Return to Training Hierarchy

Thoughts from: Dr. Michael Reinhardt, DPT, OCS: Performance Physical Therapist, Resilient Performance & PT & R2P Academy Instructor


return to training physical therapy

Returning to training following an injury or period of de-conditioning often boils down to understanding the relevant movement and force demands for the individual. ⁣

The above return to training hierarchy can be a useful guide to ensure that prerequisite movement, force, and rate of force demands are restored prior to a full return to training and competitive demands. ⁣

The body will always follow the path of least resistance when performing any movement task. If the necessary force generating capacities are not established at a particular muscle or joint, the body will self-correct in a manner that still accomplishes a given task. ⁣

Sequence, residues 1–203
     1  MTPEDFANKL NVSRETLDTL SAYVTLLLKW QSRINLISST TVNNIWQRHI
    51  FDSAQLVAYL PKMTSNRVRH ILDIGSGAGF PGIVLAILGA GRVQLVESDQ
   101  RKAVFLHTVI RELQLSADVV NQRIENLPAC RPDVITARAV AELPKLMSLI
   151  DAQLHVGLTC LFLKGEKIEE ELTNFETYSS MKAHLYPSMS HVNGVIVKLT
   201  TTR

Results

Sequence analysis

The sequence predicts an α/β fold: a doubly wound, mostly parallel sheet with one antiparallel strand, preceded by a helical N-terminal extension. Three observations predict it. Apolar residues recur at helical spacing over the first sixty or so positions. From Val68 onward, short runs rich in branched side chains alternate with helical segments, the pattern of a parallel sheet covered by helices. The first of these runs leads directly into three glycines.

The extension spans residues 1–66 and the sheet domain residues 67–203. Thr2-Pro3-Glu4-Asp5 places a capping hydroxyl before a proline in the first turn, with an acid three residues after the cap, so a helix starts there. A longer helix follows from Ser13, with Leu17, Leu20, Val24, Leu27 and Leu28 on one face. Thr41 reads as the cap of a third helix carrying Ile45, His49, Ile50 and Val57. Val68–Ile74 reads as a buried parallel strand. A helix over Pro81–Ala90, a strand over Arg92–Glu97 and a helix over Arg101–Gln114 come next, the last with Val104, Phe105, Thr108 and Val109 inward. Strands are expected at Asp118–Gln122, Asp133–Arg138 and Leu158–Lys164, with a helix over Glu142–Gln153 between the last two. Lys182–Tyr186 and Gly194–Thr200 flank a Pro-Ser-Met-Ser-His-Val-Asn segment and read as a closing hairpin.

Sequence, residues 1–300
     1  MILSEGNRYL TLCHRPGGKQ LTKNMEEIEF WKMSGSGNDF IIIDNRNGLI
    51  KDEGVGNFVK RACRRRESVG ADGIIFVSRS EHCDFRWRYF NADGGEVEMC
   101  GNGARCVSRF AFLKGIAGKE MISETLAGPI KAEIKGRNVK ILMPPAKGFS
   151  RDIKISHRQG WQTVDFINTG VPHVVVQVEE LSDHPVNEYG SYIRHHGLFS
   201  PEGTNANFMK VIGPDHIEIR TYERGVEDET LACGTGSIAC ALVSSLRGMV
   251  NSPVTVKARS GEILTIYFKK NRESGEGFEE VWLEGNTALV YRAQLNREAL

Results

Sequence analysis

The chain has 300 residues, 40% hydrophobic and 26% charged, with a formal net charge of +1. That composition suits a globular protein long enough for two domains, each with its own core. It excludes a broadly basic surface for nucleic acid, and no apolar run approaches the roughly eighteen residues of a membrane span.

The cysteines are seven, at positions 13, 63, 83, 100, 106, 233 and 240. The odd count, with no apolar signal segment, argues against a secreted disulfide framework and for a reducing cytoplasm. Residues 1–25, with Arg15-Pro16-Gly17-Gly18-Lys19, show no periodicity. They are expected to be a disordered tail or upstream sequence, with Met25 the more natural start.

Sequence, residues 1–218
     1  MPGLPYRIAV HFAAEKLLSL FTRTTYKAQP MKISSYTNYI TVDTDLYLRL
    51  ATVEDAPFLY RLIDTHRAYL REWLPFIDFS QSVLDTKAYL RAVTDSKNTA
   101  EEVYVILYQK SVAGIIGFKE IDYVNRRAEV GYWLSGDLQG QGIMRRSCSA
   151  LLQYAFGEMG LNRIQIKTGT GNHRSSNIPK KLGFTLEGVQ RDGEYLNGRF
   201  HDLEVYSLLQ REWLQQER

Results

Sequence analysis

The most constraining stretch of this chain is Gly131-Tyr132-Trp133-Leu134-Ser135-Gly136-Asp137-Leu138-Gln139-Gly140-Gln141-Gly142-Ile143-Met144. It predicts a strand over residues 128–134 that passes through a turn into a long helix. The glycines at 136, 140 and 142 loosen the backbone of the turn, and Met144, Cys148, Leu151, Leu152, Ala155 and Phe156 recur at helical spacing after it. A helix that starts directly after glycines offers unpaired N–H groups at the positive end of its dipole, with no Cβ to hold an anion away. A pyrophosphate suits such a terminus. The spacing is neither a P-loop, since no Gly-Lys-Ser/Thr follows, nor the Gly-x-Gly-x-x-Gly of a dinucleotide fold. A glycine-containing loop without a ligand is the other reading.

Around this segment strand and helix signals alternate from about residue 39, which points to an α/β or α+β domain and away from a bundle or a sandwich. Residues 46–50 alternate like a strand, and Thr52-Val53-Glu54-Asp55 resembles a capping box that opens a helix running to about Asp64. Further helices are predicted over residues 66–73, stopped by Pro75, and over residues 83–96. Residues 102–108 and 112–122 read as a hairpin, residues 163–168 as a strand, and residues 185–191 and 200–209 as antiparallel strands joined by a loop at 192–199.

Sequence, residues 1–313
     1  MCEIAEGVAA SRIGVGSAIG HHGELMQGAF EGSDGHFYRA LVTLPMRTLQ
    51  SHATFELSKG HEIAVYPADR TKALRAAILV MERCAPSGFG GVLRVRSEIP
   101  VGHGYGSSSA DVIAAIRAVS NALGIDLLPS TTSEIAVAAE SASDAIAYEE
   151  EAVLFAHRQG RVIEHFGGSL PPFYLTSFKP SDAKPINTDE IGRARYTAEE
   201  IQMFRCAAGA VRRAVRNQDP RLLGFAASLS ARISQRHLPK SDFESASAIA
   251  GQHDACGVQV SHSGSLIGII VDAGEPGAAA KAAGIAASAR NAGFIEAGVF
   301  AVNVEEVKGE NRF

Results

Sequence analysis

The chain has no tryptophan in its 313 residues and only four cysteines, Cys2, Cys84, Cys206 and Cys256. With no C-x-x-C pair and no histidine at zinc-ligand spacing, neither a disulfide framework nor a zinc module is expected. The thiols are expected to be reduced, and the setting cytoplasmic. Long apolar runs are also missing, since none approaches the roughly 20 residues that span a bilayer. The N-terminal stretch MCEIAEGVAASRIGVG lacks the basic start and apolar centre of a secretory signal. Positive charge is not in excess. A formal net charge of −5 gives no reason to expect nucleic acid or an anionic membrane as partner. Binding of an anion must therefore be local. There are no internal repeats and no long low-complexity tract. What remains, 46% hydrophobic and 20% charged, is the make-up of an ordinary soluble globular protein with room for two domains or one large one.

For example, if the quad is weak, the path of least resistance when performing a step up, squat, or acceleration will be to adopt more of a hip-dominant strategy to perform the task/exercise at hand. ⁣

Such offloading of weak or painful tissues is often at the detriment of movement efficiency and altered movement strategies. ⁣

While this is often useful in the short-term, it can become the limiting factor when assessing higher intensity and maximal performance demands. ⁣

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